What about yours?  Did you finally get to meet someone special later on in life?  At 40?  Or 60?  Or were you still a bit younger, but had every reason to think it would never happen?  How did you meet?  Was it someone from the most unimaginable place, or in the most inconceivable way you could have met?  Or was it someone who was always right there but you never realized it was meant to be?

And then, not everyone needs a mate to be happy - though some people don't believe this to be true - it is.  How do you find contentment in the midst of solitude?  What if you are destined to be alone?   How do find peace and happiness?  

What is it like just to feel lonely right now?  What would make your life seem better - day to day, week to week, year to year?  How could you meet the person of your dreams?  What do you dream about - even as you are alone?  

Please tell your story - how do you win over loneliness!


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    • profile image


      6 years ago

      Well I can agree with this a lot. I'm still trying to figure out where do I go from here. I have been divorce for over 2 years now and just find that things have change so much. I work all week and spend all weekend with my kids. My life is my kids, but I know as they get older I'm probably not going to be the one they want to be around.

      Every once in a while I go out on dates, but I started to lose faith in people. My trust is already very low, girls mentally are different. Or I'm too old fashion???

    • profile image


      7 years ago

      A really touching and nice article. I am 20 years old I find myself in the situations you were before you met with your old friend. Sometimes, I find myself in situations whereby I do not want to be alone- it's not that I want a relationship but what I look for is companionship and friendship, be it from a girl or from a guy. But at other times, I tend to say to myself that being a loner is good and, even though I will be alone, it will allow me to do anything I want at anytime, without having to give accounts to someone. That's why sometimes I find myself in a dilemma- what to choose? Having fun alone or having fun along with some other people? Then there's that saying that goes, the greater the number, the merrier it is (I don't clearly remember the saying). But what I know is that I do face solitude and I do yearn for some genuine companionship.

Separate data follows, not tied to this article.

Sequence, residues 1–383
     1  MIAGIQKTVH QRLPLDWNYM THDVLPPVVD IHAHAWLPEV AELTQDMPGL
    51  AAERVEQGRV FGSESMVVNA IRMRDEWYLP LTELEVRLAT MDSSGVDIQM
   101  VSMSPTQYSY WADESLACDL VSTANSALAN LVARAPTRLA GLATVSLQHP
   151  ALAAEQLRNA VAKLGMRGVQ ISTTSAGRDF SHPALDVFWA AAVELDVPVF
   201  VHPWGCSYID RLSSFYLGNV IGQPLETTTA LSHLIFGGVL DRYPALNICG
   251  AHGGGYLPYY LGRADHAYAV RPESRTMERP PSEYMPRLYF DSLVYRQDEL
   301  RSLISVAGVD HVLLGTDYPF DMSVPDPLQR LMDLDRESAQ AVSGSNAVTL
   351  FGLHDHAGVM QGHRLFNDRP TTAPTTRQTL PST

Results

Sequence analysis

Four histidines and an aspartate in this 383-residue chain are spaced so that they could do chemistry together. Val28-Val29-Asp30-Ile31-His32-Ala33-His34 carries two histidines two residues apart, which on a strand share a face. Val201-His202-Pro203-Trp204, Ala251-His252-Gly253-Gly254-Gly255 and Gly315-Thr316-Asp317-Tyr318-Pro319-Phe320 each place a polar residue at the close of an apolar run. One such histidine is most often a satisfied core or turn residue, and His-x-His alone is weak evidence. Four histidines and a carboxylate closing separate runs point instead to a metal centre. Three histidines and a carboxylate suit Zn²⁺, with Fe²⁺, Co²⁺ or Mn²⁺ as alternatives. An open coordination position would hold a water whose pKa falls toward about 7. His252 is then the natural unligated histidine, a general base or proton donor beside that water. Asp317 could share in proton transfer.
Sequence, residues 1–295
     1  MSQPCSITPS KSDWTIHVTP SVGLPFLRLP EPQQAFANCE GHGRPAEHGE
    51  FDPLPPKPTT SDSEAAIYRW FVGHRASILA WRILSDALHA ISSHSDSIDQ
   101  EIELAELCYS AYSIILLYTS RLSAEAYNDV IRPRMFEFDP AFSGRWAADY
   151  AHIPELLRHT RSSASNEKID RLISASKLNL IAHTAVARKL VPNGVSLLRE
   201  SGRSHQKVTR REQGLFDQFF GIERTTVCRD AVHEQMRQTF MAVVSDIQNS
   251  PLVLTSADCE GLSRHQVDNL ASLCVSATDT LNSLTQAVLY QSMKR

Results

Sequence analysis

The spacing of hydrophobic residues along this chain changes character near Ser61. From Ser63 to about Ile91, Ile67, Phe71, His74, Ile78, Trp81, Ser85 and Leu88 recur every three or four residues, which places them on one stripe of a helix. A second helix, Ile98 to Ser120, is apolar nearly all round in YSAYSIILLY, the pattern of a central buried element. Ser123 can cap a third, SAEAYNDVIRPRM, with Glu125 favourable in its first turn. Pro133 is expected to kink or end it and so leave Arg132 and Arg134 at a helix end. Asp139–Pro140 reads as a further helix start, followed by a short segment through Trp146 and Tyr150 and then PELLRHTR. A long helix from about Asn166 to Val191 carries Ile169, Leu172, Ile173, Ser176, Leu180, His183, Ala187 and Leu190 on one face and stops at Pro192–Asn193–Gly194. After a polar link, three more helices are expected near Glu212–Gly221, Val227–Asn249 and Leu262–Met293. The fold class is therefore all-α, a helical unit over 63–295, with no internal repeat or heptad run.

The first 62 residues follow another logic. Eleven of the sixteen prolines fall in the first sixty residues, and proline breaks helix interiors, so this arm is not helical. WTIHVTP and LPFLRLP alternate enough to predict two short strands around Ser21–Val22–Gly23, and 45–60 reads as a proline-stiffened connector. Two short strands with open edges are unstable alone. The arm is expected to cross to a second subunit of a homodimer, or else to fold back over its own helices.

• alamnoah profile image


      7 years ago

      I couldn't continue on reading youre story, it's so sad to lose a child.

      May God help you and may you find peace.

    • profile image


      8 years ago

      Lonely is not that scary. Unless you're staying alone, but with the current technology, distance is no longer a barrier. We can video conference, internet chat, etc to get connected. The famous facebook can let us meet new friends and spending most of the time on playing the interactive games.

    • profile image


      8 years ago

      Great story. I'm happy to hear you finally found someone to share your life with. I've been a widow for 5 years now.. I don't know how I survived the first three years after my husband passed, but I did. I did it for my children. Now I'm back to my old happy self again. I'm alone but I'm not lonely. I am a loner so I'm happy and content being alone. I didn't have kids until very late in life, so my they are still young and they keep me young. I belong to a seniors dating/friendship site and I love to blog. I'm not actively looking for anyone.. I had met two wonderful guys but as the saying goes, it was not meant to be. Life is good, and I'm glad it's better for you. Cheers!